In the study by Bellido and colleagues, osteoporosis was induced using a combined protocol involving ovariectomy and glucocorticoids [1], both of which adversely affect bone remodeling. There are epidemiologic data in human subjects and data from animal models indicating that estrogen withdrawal is associated with an increased propensity for the development of OA, but whether these effects are mediated via direct action of estrogen on chondrocyte function or by effects on bone remodeling (or both) has not been established [9, 10]. In addition, glucocorticoids also affect chondrocyte function, which could contribute to adverse effects on the state of the cartilage matrix [3]. Bellido and colleagues' study nevertheless provides additional insights into the complex relationship between peri-articular bone remodeling and the changes in articular cartilage during the evolution of OA, and underscores the need for further work to define the optimal approaches for applying these insights into the development of therapeutic interventions that target the skeleton to improve the outcome in patients with OA.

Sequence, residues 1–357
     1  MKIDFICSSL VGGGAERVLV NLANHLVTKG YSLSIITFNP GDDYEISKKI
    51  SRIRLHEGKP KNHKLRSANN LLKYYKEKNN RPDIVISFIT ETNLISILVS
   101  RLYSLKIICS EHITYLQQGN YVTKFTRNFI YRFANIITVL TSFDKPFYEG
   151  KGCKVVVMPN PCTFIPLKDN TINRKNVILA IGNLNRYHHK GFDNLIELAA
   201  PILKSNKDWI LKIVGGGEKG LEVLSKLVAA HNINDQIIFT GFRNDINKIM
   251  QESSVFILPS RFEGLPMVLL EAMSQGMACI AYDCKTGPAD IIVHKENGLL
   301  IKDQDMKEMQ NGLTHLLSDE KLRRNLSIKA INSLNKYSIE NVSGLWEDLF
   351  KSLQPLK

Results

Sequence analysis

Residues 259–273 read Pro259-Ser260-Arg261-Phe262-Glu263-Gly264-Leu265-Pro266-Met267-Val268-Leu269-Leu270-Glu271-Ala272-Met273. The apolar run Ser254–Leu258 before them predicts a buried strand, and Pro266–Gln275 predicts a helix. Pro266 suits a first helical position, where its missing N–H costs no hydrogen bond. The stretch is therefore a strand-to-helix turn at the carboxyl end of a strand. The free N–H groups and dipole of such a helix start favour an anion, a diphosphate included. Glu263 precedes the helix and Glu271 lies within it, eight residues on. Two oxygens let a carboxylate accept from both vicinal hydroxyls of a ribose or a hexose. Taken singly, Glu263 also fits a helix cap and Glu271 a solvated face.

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Correspondence to Mary B Goldring.

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Goldring, S.R., Goldring, M.B. Bone and cartilage in osteoarthritis: is what's best for one good or bad for the other?. Arthritis Res Ther 12, 143 (2010).